Tuesday, December 20, 2011
#261: New Year's Eve
A set of eight stories, an ensemble of actors a range as wide as perhaps the Himalayas themselves in magnitude, a festive theme and released around New Year- yes it's a formula and yes it's worked before and yes it almost works yet again in this 2011 release.
First let's dwell onto why it works. Its a compilation of eight stories so it had to move pretty quickly from one story to another. New Year's Eve does that- the stories are interwoven seamlessly and cut back and forth without causing you to strain your senses. The actors don't really have anything demanding to perform so that way the performers don't cause too much of a mayhem. Most actors don't have a screen presence of more than four to five minutes so before they get on your nerves, they're out of the way. The music's mediocre but the fast-paced editing by Michael Tronick makes up for it and director Garry Marshal's marshaling of these eight tracks is swift.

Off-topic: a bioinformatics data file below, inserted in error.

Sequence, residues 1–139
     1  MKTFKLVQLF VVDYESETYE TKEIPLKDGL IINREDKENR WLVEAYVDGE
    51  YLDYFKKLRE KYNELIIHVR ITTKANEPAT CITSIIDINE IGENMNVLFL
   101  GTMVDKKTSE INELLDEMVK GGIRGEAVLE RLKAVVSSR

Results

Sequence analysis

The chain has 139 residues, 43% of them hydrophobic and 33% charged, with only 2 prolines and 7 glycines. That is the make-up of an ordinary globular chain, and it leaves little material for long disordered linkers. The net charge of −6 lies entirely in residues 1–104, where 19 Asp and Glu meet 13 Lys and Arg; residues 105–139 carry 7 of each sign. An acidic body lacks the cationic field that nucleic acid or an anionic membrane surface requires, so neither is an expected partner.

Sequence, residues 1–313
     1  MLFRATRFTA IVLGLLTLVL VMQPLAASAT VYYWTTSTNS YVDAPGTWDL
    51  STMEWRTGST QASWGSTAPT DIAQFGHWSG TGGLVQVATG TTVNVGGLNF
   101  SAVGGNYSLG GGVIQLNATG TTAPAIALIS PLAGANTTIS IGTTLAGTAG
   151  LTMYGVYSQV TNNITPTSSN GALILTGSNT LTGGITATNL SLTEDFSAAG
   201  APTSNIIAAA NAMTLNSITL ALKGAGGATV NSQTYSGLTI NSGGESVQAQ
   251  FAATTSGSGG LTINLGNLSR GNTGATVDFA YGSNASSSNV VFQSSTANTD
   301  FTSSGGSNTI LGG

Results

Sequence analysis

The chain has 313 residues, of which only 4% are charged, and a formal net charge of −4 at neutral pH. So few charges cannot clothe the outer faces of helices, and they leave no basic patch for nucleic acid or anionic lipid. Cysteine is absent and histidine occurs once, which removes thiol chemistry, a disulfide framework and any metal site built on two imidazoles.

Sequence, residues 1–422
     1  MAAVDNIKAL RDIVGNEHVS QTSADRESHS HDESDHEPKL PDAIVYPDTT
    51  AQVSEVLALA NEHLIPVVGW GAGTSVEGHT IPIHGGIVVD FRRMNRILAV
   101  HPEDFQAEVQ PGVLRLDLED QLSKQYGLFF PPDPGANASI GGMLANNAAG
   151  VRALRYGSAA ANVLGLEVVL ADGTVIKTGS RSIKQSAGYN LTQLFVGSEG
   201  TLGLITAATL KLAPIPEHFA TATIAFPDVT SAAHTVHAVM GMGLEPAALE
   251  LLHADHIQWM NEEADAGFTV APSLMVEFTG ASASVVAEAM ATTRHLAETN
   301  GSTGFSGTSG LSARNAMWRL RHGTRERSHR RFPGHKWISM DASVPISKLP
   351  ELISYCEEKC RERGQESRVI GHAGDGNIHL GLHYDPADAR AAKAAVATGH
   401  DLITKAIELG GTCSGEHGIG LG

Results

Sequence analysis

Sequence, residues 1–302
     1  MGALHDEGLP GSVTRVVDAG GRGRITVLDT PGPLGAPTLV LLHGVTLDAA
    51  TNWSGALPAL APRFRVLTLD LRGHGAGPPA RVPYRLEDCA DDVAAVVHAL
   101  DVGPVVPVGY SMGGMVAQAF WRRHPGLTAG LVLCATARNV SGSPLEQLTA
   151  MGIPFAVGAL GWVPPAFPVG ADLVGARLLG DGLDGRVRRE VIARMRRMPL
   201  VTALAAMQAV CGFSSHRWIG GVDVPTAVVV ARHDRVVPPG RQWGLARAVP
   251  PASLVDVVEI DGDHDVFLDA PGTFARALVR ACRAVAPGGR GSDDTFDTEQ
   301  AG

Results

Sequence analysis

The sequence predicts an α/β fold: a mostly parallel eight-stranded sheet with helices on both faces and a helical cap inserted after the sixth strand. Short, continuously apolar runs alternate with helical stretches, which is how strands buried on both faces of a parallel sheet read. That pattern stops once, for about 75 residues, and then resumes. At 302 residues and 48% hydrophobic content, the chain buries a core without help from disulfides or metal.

And now why I say it only almost works. First because its all predictable- to the T. It is a formula film and it works like one. Some of the surprise scenes have no punch because of that very reason and if you've seen Love Actually, this would be nothing more than a deja vu. And is there a standout performance among the multitude of actors here- well that's a resounding no. So the film ends up being like a bottle of Coca-Cola from which you know what to expect but when there's no fizz in the bottle, it only excites you that much.
All in all, this is a film that's warm but lacking in warmth, that's sweet but it's got more sucrose than necessary and most importantly a film that had a heart but little in terms of soul. You can at best watch it on DVD and buy one of those cheap roadside ones. You'll more than get your worth even if the print's a bit awry.